"I'm tired of not working," he sighed. "I just can't sit at home anymore."
People who lost white-collar jobs seem most surprised by the dire circumstances they are finding themselves in as unemployment benefits dry up. Before the recession and financial crisis, it had always been easy for them to find work.
Clifford Sheffield, 43, of Fernandina Beach, Fla., used to earn $2,000 a week as an analyst for Merrill Lynch's Jacksonville office.
Today, lives off of a $1,300 monthly check from the government — and is burning through his savings to keep up with rent. The unemployment benefits run out later this month.
At a recent job fair, he perused applications for Valu Pawn and Taco Bell, but did not fill them out.
"I have family I could fall back on, but it's not very appealing," Sheffield said.
"People are just barely getting by," said Sue Berkowitz, the director of the South Carolina Appleseed Legal Justice Center, an advocacy group that helps the poor with legal issues surrounding rent and mortgage contracts. "When I go down to our food bank, I see a lot of people who never, ever thought that's where they would be."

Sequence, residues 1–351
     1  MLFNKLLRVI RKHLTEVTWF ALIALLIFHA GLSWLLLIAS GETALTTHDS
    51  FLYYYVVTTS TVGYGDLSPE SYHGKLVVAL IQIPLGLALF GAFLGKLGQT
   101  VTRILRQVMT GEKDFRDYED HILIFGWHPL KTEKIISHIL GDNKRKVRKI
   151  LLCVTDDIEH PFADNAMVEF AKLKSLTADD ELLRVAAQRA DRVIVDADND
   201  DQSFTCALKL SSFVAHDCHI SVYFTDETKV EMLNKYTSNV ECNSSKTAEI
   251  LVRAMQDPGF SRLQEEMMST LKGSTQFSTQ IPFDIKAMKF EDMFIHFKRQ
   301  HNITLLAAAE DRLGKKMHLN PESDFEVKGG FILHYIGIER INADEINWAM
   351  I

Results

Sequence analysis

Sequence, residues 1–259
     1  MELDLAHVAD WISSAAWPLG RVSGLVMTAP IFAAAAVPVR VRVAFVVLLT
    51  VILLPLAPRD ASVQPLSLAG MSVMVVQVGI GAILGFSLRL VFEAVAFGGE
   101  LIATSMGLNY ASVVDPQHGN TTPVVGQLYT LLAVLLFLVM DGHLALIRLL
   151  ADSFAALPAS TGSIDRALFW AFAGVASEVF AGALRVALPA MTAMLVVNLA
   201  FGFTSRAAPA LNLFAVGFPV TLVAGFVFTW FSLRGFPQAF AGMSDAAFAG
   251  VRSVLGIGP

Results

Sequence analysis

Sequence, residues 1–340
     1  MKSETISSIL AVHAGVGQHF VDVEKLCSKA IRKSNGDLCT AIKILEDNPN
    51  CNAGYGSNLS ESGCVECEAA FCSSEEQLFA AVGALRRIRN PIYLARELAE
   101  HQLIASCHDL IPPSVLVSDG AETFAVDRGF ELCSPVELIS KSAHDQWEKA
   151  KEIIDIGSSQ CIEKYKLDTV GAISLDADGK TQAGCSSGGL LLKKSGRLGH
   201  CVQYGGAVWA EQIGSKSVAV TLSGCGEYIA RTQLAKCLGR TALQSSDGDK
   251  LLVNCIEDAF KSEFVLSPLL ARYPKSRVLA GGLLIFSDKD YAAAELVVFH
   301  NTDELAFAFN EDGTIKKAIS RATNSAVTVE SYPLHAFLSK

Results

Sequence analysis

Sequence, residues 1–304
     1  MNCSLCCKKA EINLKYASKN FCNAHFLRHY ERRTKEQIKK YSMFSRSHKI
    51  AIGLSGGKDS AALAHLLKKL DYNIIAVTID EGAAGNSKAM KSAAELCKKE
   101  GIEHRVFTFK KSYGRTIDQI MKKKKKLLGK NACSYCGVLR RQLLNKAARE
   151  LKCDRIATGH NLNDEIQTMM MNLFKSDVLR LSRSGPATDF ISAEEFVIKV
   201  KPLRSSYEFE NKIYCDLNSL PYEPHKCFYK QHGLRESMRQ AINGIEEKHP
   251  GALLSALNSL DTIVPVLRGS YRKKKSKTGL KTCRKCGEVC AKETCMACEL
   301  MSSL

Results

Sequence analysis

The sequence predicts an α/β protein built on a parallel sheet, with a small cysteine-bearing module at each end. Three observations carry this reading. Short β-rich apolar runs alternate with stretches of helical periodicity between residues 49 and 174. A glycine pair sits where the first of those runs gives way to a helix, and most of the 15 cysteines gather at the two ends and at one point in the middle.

In the past year, nearly 5.5 million people exhausted their 26 weeks of standard benefits without finding work. The government says the "exhaustion rate" is the highest on records dating from 1972.
Some 3.4 million people now depend upon extended benefits approved by Congress lasting anywhere from 20 weeks to a year — the longest period of extensions ever added.
The length of these extensions vary by state, depending on the unemployment rate. More than half of all states have unemployment rates that triggered 53 weeks of extended benefits.